Depending on your personality type, family dynamic, the ages of your kids, and a host of other factors, you might find quarantine to be a dream. You might see it as a natural fit for your family, a mere extension of how you already live.
It’s also quite possible you find it to be a struggle. And really, it might be a big struggle, an all-hands-on-deck, we’re-going-down kind of struggle. And you might be questioning, where the heck is all of the toilet paper?
Most people would say they live somewhere in the middle.
The certainty of uncertainty
At our house, we are like violently nomadic ping-pong balls in a souped-up, old-time arcade.
One minute, we are smooth sailing. Everyone’s doing well, including the two puppies we brought into the mix last week.
The next minute, something hits us, catapulting everyone into the land of homework until 10:30 p.m. and puppies who can no longer identify grass from carpet.
It’s a land I feel certain many of you know.
Thus far, everyone is still alive and fed, which puts us in the win column. People say thank heaven for small victories, but, at this point, I’m not sure these wins are actually even that small.
Fulfilling every role
These past couple of weeks, parents everywhere have seen their roles expanded. Up to this point, we have been providers, overseers, snugglers, and lovers of souls, and now we must be on 24/7 duty.
We must also take on the roles of full-time chefs, therapists for littles who feel anxious or afraid, referees (less of sibling conflict and more of sibling irritation manifested from little time apart), and managers of different levels of learning needs.
We have become teachers (or at least tutors) of subjects we might (or might not) be good at ourselves, entertainers, house cleaners, tenders to all things pet-related, and still employees, volunteers, and friends.
Many are using this time to tackle projects around the house or expand their children’s minds through crafts and gardening projects. They are seizing the opportunity to teach their children how to cook and work together to come up with new games. Others are doing what they can to get by.
We are being asked—in some cases, instructed—to do this in close quarters, which means anything that is not running smoothly is showcased a bit more than usual.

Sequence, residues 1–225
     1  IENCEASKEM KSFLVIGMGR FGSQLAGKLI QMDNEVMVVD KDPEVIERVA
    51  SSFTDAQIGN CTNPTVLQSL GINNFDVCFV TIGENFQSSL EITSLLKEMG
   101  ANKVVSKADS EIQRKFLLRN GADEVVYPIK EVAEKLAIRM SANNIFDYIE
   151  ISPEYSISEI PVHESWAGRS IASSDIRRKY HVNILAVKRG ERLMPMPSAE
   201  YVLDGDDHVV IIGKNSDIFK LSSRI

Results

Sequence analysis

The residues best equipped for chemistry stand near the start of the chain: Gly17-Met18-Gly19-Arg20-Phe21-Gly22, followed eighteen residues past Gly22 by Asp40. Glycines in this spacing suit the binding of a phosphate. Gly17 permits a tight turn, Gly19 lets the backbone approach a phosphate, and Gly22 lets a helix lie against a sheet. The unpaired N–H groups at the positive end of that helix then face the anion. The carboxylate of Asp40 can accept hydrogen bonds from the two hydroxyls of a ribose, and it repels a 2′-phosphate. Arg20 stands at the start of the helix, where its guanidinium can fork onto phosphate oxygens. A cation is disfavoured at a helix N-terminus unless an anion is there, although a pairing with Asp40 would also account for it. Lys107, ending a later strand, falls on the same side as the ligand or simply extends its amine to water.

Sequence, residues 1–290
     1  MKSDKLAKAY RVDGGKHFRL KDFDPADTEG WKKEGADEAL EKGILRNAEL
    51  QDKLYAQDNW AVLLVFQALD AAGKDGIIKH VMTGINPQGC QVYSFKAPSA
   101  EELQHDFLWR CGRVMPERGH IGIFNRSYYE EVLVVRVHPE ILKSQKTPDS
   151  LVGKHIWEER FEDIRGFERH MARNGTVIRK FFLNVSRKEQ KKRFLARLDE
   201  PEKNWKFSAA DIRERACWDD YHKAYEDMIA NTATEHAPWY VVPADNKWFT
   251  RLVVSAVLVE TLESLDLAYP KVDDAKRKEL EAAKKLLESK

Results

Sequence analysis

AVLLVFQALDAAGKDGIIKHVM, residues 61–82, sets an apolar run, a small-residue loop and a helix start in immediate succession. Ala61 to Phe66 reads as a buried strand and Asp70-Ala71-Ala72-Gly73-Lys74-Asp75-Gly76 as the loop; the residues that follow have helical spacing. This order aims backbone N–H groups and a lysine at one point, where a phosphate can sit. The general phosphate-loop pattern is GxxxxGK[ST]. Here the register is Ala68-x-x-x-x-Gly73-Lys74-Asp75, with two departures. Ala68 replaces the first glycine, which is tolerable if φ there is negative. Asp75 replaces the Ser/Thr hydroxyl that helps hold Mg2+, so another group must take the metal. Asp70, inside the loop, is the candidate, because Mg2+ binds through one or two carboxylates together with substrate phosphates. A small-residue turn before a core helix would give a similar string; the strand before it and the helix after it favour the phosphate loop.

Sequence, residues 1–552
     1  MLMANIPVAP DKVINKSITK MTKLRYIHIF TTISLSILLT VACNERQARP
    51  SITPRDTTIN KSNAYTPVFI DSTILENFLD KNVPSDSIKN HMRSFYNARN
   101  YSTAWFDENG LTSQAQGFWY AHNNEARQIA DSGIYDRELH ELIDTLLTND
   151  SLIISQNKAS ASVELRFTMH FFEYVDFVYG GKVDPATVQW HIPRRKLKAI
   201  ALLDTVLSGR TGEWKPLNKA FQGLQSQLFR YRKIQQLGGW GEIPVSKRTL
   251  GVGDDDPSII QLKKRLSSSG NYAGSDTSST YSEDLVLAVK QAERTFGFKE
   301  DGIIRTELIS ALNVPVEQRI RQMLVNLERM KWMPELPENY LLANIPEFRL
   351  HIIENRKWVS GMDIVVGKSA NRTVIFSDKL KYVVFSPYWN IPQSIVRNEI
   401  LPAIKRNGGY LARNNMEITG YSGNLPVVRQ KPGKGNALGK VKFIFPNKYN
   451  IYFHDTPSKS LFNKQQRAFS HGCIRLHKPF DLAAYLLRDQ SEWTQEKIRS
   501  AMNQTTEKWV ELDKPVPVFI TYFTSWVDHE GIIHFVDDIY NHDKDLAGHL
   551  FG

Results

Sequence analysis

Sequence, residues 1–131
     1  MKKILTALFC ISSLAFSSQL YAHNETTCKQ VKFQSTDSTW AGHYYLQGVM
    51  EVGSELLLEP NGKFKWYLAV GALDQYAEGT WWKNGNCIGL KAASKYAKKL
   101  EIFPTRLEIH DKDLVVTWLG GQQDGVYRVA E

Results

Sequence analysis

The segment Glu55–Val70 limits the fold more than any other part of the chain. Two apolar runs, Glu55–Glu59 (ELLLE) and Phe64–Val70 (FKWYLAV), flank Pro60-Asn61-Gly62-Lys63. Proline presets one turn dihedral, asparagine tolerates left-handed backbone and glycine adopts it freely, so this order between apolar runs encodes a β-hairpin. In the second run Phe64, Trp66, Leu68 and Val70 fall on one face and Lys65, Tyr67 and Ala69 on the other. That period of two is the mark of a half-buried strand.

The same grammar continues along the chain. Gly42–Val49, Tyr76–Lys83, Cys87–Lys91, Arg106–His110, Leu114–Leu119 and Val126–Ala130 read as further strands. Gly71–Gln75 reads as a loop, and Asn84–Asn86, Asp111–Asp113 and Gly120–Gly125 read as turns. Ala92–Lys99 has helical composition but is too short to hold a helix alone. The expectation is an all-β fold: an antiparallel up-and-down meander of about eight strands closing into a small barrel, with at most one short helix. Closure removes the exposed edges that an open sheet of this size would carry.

It is easy to feel overwhelmed and lose sight of the good news of the gospel. This is especially true when the gospel meets everyday life and, all of a sudden, you’re that nomadic ping-pong ball.
You have become the emotional equivalent of that once hot cup of tea that has long since gone cold while you tend to everything else required of you.
It was for freedom
“It was for freedom that Christ set us free; therefore keep standing firm and do not be subject again to a yoke of slavery” (Galatians 5:1 NASB).
Almost two thousand years ago, the apostle Paul was doing his best to spread the gospel around the world. He was working hard not just to spread the word but also to ensure that the right word, the true gospel, was taking root.
He learned that the church in Galatia had begun to believe a perversion of the gospel. He set out to remind them of the gospel of Jesus, a message not from man but from Christ himself: “For I would have you know, brethren, that the gospel which was preached by me is not according to man. For I neither received it from man, nor was I taught it, but I received it through a revelation of Jesus Christ” (Galatians 1:11–12).
The Galatian church had lost confidence in the good news of the gospel of Christ and had replaced it with a willingness to believe other (false) gospels and doctrine. What happened to them is a shockingly easy trap for us too.
In ways we had not previously expected, it has application in today’s unusual time of social distancing, self-quarantining, and parenting through uncharted waters.
But, friends in Christ, because of Christ, we are set free.
He didn’t set us free so that we might fall back into the worst of what has perpetually bound mankind: fear, selfishness, distrust, faithlessness, hatred, bitterness, and more fear.